发现一本ABAP开发好书,如果有影印版我一定要买!

下面内容摘自SDN的WIKI: Next Generation ABAP Development Book

Book Content

So what we ended up with was something amazingly close to the original table of contents. We adjusted it some to include some of the very good ideas that Rich had brought to the table during our work on the SDN Days session.

But more important than the technical topics covered, Rich and I really wanted to take our 20+ years of combined ABAP development experience from a customer’s standpoint and bottle it up in an easy to digest format.

The structure of this book reflects the workflow of a development project. The first half of the book focuses on creating the data and application logic layers and then service-enabling them. The second half of the book focuses on creating the user interface layers.

Chapter 1: Workbench Tools and Package Hierarchy
Before we begin our project, we will review some of the changes and enhancements to the ABAP Workbench. In this chapter, we will look at the new ABAP Editor, the Refactoring Assistant, the new development tools perspectives in transaction SE80, and the new debugger. Lastly, we will create the packages and package hierarchies for the project.

Chapter 2: Data Dictionary Objects
In this chapter, we will model the data relationships and build the corresponding Data Dictionary objects. We’ll study the tools for generating table maintenance, creating lock objects, and utilizing foreign keys. We’ll also explore the new technology of strings and binary strings within transparent tables.

Chapter 3: Data Persistence Layer
In this chapter, we’ll build the logic that controls the persistence of application data. We’ll start by generating persistent object classes for the underlying data dictionary tables created in Chapter 2. Then, we’ll build a set of business object classes to hide the inner technical details of the Persistent Objects. In addition to the new technology of Persistent Objects, we’ll show you how to use ZIP compression on large strings.

Chapter 4: Consuming a Web Service
Not all project data will originate from one centralized system. For example, in the sample application, some data will be stored in a legacy system and accessed remotely via Web Services. In this chapter, we will examine the process for generating a Web Service proxy object and integrating this proxy into the data persistence layer.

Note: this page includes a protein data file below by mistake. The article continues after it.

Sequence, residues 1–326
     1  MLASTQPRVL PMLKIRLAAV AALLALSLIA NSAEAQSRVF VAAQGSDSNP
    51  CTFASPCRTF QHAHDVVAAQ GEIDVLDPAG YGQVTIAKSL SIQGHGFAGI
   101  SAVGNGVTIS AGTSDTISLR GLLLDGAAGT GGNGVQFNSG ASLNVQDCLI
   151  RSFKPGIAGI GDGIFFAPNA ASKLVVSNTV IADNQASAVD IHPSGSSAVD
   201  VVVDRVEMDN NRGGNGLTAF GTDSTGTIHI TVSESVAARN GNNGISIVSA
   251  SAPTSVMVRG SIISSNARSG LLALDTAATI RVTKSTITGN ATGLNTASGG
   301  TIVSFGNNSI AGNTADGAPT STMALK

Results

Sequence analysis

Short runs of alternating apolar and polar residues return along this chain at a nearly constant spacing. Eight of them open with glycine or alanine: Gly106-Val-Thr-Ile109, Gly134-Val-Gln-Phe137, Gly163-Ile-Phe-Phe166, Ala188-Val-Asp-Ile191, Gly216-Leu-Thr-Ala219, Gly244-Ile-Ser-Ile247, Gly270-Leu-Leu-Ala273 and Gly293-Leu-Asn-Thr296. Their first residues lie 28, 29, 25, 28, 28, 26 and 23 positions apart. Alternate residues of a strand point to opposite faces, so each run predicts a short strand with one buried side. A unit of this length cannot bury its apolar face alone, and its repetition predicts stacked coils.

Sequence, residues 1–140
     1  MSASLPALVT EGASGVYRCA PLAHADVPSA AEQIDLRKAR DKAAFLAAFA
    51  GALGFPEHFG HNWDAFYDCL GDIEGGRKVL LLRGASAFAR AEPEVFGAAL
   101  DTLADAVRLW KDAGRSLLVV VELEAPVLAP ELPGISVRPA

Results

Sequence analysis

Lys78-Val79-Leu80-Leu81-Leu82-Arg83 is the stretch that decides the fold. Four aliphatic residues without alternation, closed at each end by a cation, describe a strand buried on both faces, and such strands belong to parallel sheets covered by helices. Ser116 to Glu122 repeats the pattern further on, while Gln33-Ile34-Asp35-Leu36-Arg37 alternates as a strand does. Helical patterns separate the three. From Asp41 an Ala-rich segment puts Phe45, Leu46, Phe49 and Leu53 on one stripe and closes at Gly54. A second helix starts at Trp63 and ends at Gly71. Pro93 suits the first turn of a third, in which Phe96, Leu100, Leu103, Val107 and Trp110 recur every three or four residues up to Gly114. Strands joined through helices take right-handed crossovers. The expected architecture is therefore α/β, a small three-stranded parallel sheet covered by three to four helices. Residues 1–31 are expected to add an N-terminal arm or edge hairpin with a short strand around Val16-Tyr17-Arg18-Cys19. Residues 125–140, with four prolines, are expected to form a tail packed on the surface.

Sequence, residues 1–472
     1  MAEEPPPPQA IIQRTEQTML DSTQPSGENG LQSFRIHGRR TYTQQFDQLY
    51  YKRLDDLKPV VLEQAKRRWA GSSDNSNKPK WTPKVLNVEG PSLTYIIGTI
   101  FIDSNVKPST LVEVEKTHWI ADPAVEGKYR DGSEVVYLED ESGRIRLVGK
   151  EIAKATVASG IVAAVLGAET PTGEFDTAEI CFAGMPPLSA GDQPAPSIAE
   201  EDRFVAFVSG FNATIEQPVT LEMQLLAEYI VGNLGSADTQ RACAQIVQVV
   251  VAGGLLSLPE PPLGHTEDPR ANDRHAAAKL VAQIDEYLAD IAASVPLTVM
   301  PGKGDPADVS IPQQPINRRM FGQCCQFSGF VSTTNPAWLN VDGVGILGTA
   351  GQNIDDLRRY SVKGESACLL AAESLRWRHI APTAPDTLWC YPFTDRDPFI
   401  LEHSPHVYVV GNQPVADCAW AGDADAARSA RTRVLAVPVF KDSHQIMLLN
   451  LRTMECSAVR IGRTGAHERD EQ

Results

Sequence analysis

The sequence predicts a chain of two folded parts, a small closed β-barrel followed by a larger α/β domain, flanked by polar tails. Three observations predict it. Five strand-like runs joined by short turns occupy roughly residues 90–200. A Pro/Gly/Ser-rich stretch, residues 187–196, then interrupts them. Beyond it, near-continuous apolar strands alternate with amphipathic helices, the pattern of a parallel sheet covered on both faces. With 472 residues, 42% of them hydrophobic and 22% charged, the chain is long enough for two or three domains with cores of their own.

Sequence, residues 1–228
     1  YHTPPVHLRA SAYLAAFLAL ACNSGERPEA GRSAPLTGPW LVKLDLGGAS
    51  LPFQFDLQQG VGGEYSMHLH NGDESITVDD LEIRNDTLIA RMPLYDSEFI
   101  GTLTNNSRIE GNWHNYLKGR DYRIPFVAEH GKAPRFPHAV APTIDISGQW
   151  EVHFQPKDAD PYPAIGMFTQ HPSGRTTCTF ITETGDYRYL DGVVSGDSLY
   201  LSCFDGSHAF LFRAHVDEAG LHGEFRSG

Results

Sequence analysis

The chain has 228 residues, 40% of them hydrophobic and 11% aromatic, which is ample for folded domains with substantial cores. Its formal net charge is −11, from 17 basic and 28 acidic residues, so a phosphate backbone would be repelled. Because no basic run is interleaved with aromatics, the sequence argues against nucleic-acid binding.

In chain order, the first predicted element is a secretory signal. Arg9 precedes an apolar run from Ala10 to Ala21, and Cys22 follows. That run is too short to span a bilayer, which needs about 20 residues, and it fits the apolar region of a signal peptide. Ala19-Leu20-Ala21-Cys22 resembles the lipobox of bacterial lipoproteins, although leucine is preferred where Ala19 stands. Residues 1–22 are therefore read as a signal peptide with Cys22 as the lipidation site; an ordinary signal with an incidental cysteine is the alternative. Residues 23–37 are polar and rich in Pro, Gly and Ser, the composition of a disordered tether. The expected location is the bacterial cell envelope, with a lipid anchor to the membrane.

Chapter 5: Shared Memory Objects
After some analysis, it will become apparent that the sample application has some static data that will be accessed repeatedly. In this chapter, we will describe how you can provide the best performance by structuring the data access for this type of data into an ABAP Shared Memory Object.

Chapter 6: Model Class
In this chapter, we will begin to implement the core application logic, which is implemented as a Model Class. This same class will later be used as the business logic layer of all the UI technology examples. This chapter focuses primarily on object-oriented design patterns while introducing techniques for sending email and manipulating XML.

Chapter 7: ABAP and SAP NetWeaver Master Data Management
This is the first of our “What-If” chapters. Here, we look at an alternative approach to the project where our master data is modeled and stored in SAP NetWeaver Master Data Management (SAP NetWeaver MDM), instead of the local Data Dictionary. This chapter will focus on how we would alter the data persistence layer to read this data via the SAP NetWeaver MDM ABAP application programming interface (API) instead of directly from the local database.